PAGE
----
The term “collaborative care” has been in the news recently, as a model of care we are adopting across Yukon’s health care system. As we move in this direction, it’s useful to take a look at examples we already have of how a collaborative care approach has helped us deliver better, more cost-effective service to Yukoners. Home care in Yukon is one such example.
The term “collaborative care” is somewhat self-explanatory. It refers to a team approach that involves a variety of trained medical and other professionals, all working together, or collaborating, to deliver the service that individuals need. The emphasis is on ensuring each professional involved is able to work to the full scope of their training and use all their skills, abilities and knowledge to deliver service. The goal is to ensure Yukoners receive the best possible health care services in a timely, responsive and cost-effective way.
The Yukon Home Care Program provides client-focussed health services in the home, improves quality of life and supports Yukoners in living safely and independently in their own homes, which is where they want to be. The program offers a “bundle” of services, including professional services such as nursing, social work and therapies; personal care such as assistance with dressing, bathing, feeding, transfers and mobility assistance; and home-making, with a focus on safety and sanitation. Yukon’s level of home care service is considered to be one of the most comprehensive bundles available in the country.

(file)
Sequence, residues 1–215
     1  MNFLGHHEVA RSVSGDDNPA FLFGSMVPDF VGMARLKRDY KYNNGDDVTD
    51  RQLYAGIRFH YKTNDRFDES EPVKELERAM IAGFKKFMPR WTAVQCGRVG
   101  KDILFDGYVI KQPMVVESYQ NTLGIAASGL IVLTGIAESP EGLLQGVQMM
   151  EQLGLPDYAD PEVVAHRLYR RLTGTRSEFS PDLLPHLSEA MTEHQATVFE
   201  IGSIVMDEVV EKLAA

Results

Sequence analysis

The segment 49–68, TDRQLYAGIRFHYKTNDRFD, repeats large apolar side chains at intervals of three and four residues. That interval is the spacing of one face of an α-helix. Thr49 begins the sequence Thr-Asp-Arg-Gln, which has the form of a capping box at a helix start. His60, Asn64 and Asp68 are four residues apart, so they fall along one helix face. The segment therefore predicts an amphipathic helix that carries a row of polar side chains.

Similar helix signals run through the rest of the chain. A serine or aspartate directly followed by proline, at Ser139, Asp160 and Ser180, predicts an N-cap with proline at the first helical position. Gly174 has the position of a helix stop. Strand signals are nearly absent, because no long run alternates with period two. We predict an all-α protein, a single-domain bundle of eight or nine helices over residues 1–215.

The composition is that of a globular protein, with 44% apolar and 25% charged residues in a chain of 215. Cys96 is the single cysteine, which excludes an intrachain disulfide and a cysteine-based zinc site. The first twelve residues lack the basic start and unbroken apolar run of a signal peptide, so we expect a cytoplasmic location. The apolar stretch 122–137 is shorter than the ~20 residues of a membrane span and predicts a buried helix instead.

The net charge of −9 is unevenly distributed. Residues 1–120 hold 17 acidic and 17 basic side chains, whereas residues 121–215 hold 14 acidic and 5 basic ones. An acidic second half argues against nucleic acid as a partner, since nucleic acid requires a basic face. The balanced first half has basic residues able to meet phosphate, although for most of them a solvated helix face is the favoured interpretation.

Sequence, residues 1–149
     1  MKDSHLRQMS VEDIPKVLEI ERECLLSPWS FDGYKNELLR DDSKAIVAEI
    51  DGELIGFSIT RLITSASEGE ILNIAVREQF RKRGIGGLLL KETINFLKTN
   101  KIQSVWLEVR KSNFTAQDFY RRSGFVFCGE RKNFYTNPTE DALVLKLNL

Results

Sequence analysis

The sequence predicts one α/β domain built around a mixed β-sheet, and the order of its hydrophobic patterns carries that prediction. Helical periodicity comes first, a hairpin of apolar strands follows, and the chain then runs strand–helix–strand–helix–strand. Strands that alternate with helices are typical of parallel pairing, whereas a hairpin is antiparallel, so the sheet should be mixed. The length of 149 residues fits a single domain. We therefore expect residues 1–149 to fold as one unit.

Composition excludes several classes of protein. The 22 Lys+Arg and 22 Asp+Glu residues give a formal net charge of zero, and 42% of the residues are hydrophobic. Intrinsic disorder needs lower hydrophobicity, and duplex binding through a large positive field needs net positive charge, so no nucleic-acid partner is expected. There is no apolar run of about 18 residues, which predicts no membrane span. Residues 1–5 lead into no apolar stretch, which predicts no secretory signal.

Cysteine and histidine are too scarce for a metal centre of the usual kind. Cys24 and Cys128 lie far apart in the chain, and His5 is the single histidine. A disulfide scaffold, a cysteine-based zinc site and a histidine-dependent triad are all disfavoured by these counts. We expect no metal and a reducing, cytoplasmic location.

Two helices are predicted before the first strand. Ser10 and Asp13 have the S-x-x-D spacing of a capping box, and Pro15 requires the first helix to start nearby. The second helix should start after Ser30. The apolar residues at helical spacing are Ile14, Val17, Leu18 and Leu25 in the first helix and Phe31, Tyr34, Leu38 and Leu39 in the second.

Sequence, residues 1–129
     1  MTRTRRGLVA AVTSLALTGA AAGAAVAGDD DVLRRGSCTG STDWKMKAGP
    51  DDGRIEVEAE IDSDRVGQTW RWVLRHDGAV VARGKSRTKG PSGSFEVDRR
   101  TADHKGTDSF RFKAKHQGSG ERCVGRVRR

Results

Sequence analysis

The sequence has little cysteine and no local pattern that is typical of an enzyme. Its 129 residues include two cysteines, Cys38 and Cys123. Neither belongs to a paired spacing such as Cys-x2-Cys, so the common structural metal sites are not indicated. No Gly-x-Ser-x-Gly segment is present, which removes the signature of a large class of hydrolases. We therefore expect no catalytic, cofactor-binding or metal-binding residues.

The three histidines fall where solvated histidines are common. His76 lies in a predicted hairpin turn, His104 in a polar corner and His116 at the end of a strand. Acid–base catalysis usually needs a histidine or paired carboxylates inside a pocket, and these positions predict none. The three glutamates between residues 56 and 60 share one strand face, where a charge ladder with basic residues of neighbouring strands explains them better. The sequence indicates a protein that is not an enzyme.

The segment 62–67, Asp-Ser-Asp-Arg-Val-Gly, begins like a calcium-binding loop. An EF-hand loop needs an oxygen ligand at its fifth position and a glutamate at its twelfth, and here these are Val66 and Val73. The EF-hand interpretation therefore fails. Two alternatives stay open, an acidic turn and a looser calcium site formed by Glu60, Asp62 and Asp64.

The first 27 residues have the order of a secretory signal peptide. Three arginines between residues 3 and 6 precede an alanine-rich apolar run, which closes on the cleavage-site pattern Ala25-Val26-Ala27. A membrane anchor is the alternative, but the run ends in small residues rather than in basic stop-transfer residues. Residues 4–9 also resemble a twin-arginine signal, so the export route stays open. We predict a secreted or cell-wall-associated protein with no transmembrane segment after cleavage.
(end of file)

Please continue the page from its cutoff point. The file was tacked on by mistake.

Yukon does face challenges in the delivery of home care. For example, 15 per cent of home care clients in Yukon have no family caregivers available to them, compared to the national average of 2 to 3 per cent without a caregiver. In recognition of this and other challenges, the Yukon Home Care Program works to integrate and link its services with community partners, such as First Nation programs, community nursing, hospital services, chronic disease management teams, and primary care physicians.
The program also uses technology in the provision of care – laptop computers and telehealth systems link clients, care providers and professional staff in communities, Whitehorse and larger centres in southern Canada. We have also hired a new health promotion and prevention care coordinator, who works with clients to help them pro-actively manage their health. In addition, we provide respite services that give caregivers the breaks they need, and which can prevent or delay clients from entering the acute care system.
In addition to the benefits to individuals, our approach to home care also provides a cost benefit to government and ultimately to taxpayers – the cost for an individual to receive home care is $38/day, compared to long-term care, which costs up to $400/day and hospital care, which costs $2,200/day.
We know that the percentage of Yukoners who are 65 or older will nearly double by 2021 and triple by 2030. This is why it’s so important that we keep our focus on collaborative home care that meets the individual’s needs in a fiscally-responsible way. This approach to home care will help us keep our clients happier and healthier and in their own homes.
And, as we look beyond home care to a broad range of health care needs, the collaborative approach shows much promise as a way to serve all Yukoners better.
Doug Graham is Yukon’s minister
of health and social services